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BBC to broadcast Wimbledon 3D live

7 June 2011
BBC to broadcast Wimbledon 3D live

As exclusively revealed by TVBEurope two months ago, the BBC is to make its first stereo 3D broadcast by transmitting the 3D feed of the 2011 Wimbledon tennis championship via the BBC’s HD Channel, writes Adrian Pennington.

This marks the first of several stereo 3D broadcast experiments the BBC has in the pipeline.

The free-to-air broadcast of the Championships in 3D will be available to anyone with a 3D TV set via digital TV providers: Freesat, Freeview HD, Sky or Virgin Media.

TVBEurope first aired the news in our story: BBC plots Wimbledon 3D on Freesat and confirmed the announcement as: BBC to air Wimbledon on 3D, but the Corporation has now officially confirmed the broadcast and added some details.

The Men’s and Ladies’ singles finals will air live in 3D on BBC HD on the final Saturday and Sunday of the event (on July 2 and 3 – when those games will be shown in HD on BBC One HD). Both of the men’s singles semi-finals will also be recorded in stereo on the Friday, but transmitted in 3D from 9am on BBC HD on the Saturday morning so as not to clash with the BBC HD channel’s daily HD coverage of the Championships.

“We don’t have the space to carry two HD signals [the 3D signal fitting into one HD channel] and we don’t want to take HD coverage away from viewers so we have to choose when we are using the HD channel to broadcast 3D,” explained Danielle Nagler, Head of BBC HD and 3D.

“We’re looking at a very established sport which the BBC has a long relationship with and with which viewers are very familiar with in 2D and HD,” she added. “We’re interested in what they make of seeing it in 3D and what that can tell us about what a 3D experience might be.”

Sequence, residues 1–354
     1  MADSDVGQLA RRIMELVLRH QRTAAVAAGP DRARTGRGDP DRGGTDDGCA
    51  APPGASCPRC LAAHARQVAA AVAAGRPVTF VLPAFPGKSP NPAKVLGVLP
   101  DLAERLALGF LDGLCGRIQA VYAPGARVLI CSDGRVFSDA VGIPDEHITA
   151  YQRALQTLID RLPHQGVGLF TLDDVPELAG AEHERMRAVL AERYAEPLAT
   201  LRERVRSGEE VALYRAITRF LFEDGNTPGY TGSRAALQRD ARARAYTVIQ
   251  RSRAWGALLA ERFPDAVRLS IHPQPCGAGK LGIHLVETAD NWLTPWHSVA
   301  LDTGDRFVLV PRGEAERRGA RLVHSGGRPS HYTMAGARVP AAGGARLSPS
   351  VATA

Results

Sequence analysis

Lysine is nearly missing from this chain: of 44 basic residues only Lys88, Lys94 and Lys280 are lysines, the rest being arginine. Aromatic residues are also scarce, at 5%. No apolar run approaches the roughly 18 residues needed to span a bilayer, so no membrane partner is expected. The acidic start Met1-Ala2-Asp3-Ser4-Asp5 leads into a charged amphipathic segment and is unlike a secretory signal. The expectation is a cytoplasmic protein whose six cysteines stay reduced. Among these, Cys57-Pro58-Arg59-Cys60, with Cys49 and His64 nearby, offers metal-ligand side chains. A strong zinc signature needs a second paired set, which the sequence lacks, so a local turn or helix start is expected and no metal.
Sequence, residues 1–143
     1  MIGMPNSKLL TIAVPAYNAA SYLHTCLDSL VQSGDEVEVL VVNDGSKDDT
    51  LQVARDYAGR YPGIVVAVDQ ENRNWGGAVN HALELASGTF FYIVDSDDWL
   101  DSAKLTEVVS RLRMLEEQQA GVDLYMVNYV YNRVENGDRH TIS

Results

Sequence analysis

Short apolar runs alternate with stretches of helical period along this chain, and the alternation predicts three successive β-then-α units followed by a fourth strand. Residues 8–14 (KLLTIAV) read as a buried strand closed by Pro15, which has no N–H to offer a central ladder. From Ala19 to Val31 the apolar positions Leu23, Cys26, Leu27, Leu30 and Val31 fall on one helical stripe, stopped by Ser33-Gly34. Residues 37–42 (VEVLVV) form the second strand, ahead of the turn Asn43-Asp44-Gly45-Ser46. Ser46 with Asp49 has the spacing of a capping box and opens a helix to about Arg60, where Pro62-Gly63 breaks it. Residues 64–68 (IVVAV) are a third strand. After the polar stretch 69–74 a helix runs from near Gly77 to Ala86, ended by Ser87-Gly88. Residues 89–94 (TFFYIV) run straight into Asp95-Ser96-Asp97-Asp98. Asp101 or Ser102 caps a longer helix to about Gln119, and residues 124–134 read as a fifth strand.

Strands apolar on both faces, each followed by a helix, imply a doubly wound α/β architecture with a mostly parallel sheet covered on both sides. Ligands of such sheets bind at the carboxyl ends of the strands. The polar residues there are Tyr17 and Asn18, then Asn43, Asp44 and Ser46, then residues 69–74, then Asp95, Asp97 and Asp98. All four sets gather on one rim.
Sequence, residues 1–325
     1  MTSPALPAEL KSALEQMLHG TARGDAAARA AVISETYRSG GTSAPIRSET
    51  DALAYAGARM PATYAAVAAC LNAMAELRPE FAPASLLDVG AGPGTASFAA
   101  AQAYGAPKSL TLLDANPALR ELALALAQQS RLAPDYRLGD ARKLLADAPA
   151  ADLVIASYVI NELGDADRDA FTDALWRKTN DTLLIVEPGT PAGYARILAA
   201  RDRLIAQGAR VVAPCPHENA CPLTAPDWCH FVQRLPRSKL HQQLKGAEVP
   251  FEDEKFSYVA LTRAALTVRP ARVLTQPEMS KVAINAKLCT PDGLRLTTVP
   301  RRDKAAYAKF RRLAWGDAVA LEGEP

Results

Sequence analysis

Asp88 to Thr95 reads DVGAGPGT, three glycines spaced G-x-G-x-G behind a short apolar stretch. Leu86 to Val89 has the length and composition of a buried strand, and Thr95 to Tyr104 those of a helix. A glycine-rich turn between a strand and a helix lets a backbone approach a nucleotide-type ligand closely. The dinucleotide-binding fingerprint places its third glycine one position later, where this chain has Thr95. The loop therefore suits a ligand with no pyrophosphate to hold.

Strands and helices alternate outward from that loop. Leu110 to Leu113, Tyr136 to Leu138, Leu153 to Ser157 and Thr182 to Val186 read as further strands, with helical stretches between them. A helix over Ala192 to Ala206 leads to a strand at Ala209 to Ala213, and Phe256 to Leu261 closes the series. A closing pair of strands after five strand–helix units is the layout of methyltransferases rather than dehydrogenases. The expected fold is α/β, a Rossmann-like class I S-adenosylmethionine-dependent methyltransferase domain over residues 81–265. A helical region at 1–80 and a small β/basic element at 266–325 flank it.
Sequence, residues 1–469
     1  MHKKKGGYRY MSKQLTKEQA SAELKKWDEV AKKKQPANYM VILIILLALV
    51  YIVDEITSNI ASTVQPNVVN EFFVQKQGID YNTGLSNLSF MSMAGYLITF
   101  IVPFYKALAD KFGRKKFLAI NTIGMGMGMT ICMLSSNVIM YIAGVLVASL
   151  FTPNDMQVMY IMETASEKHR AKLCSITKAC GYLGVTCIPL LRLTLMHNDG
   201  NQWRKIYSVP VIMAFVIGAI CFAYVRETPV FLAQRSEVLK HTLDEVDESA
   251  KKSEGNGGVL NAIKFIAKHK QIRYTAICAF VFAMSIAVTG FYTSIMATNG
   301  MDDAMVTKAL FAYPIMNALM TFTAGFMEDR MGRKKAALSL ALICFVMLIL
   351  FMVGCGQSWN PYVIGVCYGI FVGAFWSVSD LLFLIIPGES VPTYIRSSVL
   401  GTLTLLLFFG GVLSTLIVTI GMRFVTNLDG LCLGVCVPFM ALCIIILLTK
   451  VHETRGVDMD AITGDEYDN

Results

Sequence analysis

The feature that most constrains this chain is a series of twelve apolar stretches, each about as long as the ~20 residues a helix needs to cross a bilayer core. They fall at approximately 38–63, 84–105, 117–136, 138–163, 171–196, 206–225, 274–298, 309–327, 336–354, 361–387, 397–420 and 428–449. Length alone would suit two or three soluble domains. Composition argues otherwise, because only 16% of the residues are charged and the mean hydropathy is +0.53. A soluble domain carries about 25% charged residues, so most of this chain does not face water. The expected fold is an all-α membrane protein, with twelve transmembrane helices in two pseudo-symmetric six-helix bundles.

Feedback will be gathered from audience research, directly from some 1,000 people invited to free BBC-organised screenings at TV Centre and a number of cinemas around the UK. Tickets will be available via a random draw (applications at

The Corporation will also be doing indirect research with some of the 200,000 potential 3DTV viewers in the UK.

Further 3D experiments

“We have other 3D projects linked to existing commissions, some recorded and some live, in the pipeline,” said Nagler. “These are for a range of different types of content and again understanding the audience is key.

“For sports where we are UK TV rights holder we are keen to work with producers if they are already doing a 3D version of the event,” she added. “We want to understand the mainstream TV audience and will pick the kinds of programming across all genres that have very broad audience appeal and where the audience has a familiarity with content in 2D HD. That helps to tell us what value there is in 3D or if it has a very small, limited audience appeal.”

The BBC’s decision may seem to go against the grain of the corporation’s technical review published earlier this year, which stated that 3D was a consumer display manufacturer-driven technology and that without standardisation TV commissions were unlikely.

“That was a reasonably accurate assessment of 3DTV because it is display driven and the format won’t grow until consumers acquire a display,” she said. “We continue to do a small number of 3D experiments which are about finding out what our audience thinks about 3D, how important is it them in relation to their enjoyment of content. That is the basis on we should make a decision on what we do in future.”

The BBC’s coverage is being provided in partnership with the All England Tennis Club and Sony Professional. Can Communicate is the technical consultant on the project.

Paul Davies, BBC Executive Producer Sport added: "During our 75 years of televising the Wimbledon Championships the BBC has continually broken new ground in broadcasting techniques. This unique 3D transmission is the latest innovation to bring to life all the tension, drama and excitement on one of the most iconic sporting arenas in the world.”


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